Dale was blowing up the "wings" for the boys to wear and Brianna was waiting in the kitchen. I (five months pregnant) decided to make one last bathroom visit before getting wet. I headed for the bathroom, then, for no obvious reason, turned back toward the kitchen and pool.
I turned back just in time to see that Brianna had gone ahead of us out the sliding door and was trying to climb on the large, inflatable killer whale in the pool. She hadn't been swimming before and didn't realize the danger of climbing on such a toy mid-pool. She, as the oldest, was sure of herself and had no reason to think that she shouldn't try out this nifty toy.
The bathroom had to wait. (obviously)
Much coughing and sputtering ensued.
This was the first of many pool incidents that would happen in the following years, almost all of which occurred with parents near or in the pool...and almost all of which only resulted in much coughing and sputtering. Had I not turned back, this incident would have had an entirely different ending.
That same summer, in the community pool where we were renting, I was playing around with Nathan (three years old at the time). I was still pregnant. Dale was getting the others ready. We were in the shallow end with Nathan holding the edge. I turned to retrieve a toy from the bottom-which only takes seconds. When I turned back around, Nathan was already a few feet from the edge and was standing on the bottom -- with his head almost completely submerged. He wasn't splashing or fighting or panicking in any way. He just stood there.
Two years later, with everyone swimming in the pool except me (inside making dinner), but including Dale, Gabriel (now almost 2) fell in the deep end. Nathan saw and alerted Dale. Gabriel was just below the surface, face up, with his hands shaking above the surface. Dale screamed his name, alerting me. I ran out and grabbed him from Dale. We sat for about ten minutes letting him cough up what seemed like cups of water into a towel. Then, because I had recently read about secondary drowning, we took him to the ER to get checked out.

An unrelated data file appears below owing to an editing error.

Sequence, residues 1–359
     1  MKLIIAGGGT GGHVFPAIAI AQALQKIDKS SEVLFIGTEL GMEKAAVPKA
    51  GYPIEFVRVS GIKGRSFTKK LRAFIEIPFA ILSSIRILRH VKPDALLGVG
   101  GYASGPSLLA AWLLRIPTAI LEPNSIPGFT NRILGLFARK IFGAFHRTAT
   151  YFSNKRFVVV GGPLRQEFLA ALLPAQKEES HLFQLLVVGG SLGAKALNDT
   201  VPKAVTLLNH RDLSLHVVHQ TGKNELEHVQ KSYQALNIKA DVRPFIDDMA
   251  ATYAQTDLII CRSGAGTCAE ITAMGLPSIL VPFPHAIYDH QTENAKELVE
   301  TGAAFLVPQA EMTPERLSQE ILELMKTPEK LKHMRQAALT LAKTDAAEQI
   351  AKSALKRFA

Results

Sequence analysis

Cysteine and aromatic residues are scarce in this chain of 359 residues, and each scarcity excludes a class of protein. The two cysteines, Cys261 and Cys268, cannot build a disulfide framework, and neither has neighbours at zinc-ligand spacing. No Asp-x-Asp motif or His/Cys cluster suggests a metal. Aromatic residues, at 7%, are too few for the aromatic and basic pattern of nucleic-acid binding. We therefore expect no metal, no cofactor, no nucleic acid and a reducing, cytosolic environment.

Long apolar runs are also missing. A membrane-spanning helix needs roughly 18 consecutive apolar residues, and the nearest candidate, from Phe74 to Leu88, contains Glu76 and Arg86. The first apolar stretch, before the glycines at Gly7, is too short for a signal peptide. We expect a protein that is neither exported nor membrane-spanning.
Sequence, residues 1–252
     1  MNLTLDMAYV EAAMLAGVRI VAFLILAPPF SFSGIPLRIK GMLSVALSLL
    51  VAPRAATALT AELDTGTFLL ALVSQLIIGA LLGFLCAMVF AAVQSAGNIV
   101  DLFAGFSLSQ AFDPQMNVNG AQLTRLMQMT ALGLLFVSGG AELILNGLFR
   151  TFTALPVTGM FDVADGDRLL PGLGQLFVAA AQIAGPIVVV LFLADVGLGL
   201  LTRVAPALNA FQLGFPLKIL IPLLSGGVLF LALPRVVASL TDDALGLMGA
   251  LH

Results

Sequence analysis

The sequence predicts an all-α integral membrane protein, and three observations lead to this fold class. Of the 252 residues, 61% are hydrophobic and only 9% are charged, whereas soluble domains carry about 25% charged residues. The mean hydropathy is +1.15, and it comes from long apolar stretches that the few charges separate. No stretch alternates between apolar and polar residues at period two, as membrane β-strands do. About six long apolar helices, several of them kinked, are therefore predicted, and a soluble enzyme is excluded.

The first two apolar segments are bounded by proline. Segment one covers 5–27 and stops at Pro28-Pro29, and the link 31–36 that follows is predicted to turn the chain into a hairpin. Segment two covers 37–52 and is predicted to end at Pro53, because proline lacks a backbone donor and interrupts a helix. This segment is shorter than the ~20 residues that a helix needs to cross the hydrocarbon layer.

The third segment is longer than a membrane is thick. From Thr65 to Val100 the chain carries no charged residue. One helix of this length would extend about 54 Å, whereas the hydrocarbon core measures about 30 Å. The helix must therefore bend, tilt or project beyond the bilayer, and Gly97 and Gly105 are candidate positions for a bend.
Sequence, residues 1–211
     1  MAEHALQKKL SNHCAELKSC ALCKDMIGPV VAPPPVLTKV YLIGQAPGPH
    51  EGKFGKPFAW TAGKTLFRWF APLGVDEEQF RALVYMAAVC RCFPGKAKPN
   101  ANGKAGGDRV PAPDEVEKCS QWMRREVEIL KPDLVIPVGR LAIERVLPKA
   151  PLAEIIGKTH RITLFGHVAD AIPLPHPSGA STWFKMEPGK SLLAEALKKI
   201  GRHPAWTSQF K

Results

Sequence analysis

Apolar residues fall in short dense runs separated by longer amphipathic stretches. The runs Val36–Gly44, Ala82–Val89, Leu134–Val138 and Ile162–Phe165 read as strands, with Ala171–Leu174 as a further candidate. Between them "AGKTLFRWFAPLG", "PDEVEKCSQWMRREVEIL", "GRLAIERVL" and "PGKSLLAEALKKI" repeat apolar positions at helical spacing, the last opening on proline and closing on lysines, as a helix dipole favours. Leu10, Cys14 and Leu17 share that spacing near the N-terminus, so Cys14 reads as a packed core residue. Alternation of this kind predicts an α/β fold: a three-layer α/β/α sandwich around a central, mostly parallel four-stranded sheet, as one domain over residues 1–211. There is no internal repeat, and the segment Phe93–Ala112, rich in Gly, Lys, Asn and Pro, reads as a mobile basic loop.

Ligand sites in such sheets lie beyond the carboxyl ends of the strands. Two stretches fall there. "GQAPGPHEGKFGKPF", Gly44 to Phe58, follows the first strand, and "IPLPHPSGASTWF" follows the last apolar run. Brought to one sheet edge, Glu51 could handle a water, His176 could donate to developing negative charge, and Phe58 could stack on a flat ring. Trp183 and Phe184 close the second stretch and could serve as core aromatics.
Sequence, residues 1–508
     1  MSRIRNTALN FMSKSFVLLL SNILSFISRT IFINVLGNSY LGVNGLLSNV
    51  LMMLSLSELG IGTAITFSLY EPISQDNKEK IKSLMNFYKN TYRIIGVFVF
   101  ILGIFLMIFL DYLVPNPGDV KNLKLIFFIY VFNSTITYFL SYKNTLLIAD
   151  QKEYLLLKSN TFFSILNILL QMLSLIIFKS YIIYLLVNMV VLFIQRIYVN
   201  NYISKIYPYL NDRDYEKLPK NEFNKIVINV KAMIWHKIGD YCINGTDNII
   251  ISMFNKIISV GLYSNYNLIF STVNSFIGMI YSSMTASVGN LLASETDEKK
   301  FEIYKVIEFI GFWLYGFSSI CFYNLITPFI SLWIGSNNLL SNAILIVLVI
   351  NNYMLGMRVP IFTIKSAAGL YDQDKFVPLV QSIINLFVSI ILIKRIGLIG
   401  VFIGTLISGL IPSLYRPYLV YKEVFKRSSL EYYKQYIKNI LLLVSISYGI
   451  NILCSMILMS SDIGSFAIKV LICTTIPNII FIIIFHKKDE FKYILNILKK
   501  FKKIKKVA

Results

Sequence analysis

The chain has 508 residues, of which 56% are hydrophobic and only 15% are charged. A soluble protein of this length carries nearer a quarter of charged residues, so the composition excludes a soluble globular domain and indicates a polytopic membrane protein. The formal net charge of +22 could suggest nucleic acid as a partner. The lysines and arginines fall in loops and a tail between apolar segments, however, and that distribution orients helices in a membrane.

This incident scared him enough that he stayed away from the pool. Unfortunately, the pool runs about 2/3 the length of the house and is only about 2 1/2 feet from the house, leaving little room to go by.
As you know, just a short six months later, Gabriel drowned. No one had been swimming. People had been going in and out the back door grilling burgers and playing. Everyone came in to eat. Everyone except Gabriel. The details of that evening will be forever etched in my memory.
At the wake, I noticed a bruise on his forehead and bridge of his nose. I was puzzled until I remembered seeing a 2 foot or so length of 2x4 floating in the pool. We figure that he saw us go in, followed, tripped, hit his head on the wood he was holding, and fell in. He was scared of the pool.
Life, though strong, is fragile
Just like that, in an instant, life as we knew it died. It died with my precious son. Happy family of six became bereaved family of five. To be hit by a truck would not have been more shocking. As a science-minded individual, I was intrigued by the way that such a mental/psychological trauma can manifest physically. We found that we could not eat, and were not hungry. Sleep became nearly impossible, but we were getting a little by the end of the week. Hunger returned by the weekend.
I was six months pregnant with our fifth when Gabriel died. The first four had all been over 7 pounds with Gabriel being over eight. Three months later, tiny 6 pound Cecilia was born. She wasn't early, just skinny. Even though our diet had gotten back to normal, she suffered in the womb from our grief.